First quarter ad revenue down at BCE, churn on sports channels minimal

"Let's be honest, Q2 is going to be a difficult quarter," says CFO Glen LeBlanc, looking at an overall softer ad market and a TV schedule without live sports.
bellMediaOffice

BCE, parent company of Bell Media, is the latest company to release its quarterly financials, giving some insight into the initial financial effects of COVID-19. Although the quarter, which ended March 31, only encompassed a little more than two weeks of the official pandemic period, the impact was already felt by companies, from legacy media to big digital players. BCE was no exception.

Media operating revenue for BCE is up 0.9% to $725 million, which was driven by higher subscription revenue from Crave, as well as contract renewals with TV distributors. Advertising revenue, however, was down 2.5% year-over-year, due mainly to softness in the overall ad market as the result of COVID-19.

“Advertising is frequently one of the first discretionary expenses that companies cut back on,” CFO Glen LeBlanc reported on the company’s conference call on Thursday morning. And, he says, although the current pullback is relatively small, he cautions that it will likely be bigger in Q2, with the specifics depending on the length of the current shutdown and the resulting economic impact.

Although viewership on Bell Media’s TV properties is up 25% year-over-year, that has not translated to big returns from the advertising business, nor will it for some time.

“Although media consumption and TV viewership is up, ad spending won’t necessarily follow,” said LeBlanc. Additionally, he says, because advertising “has a very high revenue flow-through,” Bell Media’s EBITDA did decrease by 6.1%, bringing in a total of $155 million. Besides lower ad rev, this was the result of higher operating costs, driven mainly by ongoing Crave content expansion as well as the cost of broadcasting rights for the Super Bowl.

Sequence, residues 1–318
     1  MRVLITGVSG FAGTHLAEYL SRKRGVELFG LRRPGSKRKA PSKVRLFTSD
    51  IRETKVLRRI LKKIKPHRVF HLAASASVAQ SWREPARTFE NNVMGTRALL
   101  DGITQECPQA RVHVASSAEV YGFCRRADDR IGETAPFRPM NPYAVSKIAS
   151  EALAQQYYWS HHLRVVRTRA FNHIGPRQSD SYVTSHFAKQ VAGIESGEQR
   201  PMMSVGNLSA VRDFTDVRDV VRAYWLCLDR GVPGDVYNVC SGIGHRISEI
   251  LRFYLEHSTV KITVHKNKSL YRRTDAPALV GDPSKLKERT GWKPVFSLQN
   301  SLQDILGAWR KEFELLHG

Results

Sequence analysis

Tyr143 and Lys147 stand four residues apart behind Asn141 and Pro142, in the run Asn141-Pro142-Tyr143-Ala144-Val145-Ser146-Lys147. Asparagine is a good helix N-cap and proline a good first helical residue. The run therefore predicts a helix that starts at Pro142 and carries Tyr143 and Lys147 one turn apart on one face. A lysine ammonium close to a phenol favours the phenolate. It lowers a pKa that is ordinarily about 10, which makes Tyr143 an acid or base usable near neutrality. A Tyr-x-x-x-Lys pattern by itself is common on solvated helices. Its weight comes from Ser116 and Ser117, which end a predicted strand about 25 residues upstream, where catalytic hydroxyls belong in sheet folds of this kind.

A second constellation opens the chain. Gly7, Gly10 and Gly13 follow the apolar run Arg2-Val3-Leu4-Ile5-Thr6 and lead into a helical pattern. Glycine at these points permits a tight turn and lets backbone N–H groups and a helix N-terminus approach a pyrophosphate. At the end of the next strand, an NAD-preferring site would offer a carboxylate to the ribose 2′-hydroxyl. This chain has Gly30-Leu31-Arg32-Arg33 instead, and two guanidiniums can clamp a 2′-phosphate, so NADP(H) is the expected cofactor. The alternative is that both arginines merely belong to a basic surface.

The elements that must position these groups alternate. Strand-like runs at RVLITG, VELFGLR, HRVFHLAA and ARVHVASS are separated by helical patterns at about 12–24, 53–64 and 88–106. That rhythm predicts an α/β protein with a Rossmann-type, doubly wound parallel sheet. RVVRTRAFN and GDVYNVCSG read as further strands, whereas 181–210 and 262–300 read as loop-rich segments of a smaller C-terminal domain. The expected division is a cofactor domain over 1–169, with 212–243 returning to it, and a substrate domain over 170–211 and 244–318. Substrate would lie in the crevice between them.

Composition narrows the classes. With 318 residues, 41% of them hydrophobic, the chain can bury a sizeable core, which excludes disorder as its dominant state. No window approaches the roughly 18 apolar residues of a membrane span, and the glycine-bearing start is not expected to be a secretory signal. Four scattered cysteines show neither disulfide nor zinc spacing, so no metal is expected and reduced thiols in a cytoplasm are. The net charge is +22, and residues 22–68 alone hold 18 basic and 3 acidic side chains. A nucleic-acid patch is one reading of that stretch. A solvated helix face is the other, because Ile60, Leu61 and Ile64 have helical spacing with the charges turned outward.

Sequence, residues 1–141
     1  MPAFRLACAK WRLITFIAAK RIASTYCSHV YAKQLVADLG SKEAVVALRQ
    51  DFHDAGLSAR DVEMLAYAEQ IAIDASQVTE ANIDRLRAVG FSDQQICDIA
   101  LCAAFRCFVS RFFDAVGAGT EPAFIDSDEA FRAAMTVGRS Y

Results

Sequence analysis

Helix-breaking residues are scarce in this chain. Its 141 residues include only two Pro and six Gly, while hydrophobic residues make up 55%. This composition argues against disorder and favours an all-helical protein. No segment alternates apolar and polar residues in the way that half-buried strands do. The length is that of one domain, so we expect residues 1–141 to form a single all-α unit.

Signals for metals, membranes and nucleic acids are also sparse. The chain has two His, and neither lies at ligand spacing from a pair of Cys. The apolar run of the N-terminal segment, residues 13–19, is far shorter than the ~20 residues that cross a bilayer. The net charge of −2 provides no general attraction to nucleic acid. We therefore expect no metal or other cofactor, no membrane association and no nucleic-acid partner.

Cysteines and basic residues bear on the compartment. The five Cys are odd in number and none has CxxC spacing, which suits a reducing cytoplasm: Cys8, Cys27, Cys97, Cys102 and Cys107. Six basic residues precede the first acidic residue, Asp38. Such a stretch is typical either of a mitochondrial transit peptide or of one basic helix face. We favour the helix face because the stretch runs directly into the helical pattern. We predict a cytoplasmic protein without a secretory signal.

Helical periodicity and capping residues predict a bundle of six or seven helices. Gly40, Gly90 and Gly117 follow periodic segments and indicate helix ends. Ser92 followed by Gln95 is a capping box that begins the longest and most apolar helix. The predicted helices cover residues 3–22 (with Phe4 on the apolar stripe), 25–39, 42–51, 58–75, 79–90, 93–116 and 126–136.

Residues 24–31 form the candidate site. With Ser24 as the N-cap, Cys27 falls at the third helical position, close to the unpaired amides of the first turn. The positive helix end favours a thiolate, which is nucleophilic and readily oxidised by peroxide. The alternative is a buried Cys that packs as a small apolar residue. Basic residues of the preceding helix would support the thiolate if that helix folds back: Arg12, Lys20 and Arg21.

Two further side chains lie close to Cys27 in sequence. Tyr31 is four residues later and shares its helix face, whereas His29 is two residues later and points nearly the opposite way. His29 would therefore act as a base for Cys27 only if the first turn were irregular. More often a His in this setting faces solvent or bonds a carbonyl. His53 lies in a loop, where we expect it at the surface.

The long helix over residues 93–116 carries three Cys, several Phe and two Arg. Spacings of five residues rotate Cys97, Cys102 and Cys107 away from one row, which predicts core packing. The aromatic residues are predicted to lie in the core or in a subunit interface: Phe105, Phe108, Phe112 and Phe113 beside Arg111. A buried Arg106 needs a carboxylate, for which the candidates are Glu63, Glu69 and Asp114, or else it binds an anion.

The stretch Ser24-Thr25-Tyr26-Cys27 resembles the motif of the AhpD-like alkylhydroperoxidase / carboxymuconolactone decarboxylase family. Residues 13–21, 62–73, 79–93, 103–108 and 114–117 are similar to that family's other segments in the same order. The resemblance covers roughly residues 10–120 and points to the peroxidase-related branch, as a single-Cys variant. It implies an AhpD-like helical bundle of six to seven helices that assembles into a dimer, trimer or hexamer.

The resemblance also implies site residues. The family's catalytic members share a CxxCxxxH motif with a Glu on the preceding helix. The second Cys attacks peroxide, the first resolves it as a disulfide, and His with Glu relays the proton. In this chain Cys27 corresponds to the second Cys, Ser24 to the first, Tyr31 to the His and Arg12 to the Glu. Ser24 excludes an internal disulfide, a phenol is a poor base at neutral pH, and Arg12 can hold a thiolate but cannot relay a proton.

On the plus side for media, TSN and RDS customer deactivation was minimal – although BCE did not disclose specific figures – which the company remarked is a strong point considering the lack of live sports.

Bell did not make any announcements regarding the status of its Upfronts or its fall television schedule. The subject of TV programming did come up following its presentation through an analyst question. While BCE CEO Mirko Bibic did not offer any specifics on its fall programming, he said that although Q2 will be tough in terms of advertising, the strength of Bell Media’s subscription revenues is helping to keep the segment strong.

Bibic added, “Customers and viewers are rediscovering the value and attractiveness of linear TV and you can see it in the ratings. You can also see it in terms of the engagement with Crave… more customers are discovering it.” Crave has engaged in several promotions such as a free month for subscribers and a partnership with TIFF to offer movie nights and live Q&As with filmmakers.

Additionally, said Bibic, there has been “some stabilization in the cancellation of ad buys,” with pickup in advertising across categories such as financial services, technology and CPG. While there’s still no confirmation – although plenty of speculation – on timelines for the return of the NBA and NHL seasons, he said there is some hope in an eventual return from sports organizations such as UFC, NASCAR and the PGA Tour.

Bibic added that “we’re going to be managing our cost structure very carefully in media,” while LeBlanc once again cautioned that “Q2 is going to be a difficult quarter.”

Additionally, BCE as a whole has not issued financial guidance for the remainder of the year. Across the greater company, operating revenue was $5.7 billion, down 0.9% year-over-year. The slight reduction was due to an overall softened economy, affecting all operating segments. Service revenue was up 0.3% year-over-year to $5.1 billion, while product revenue decreased 9.7% to $622 million.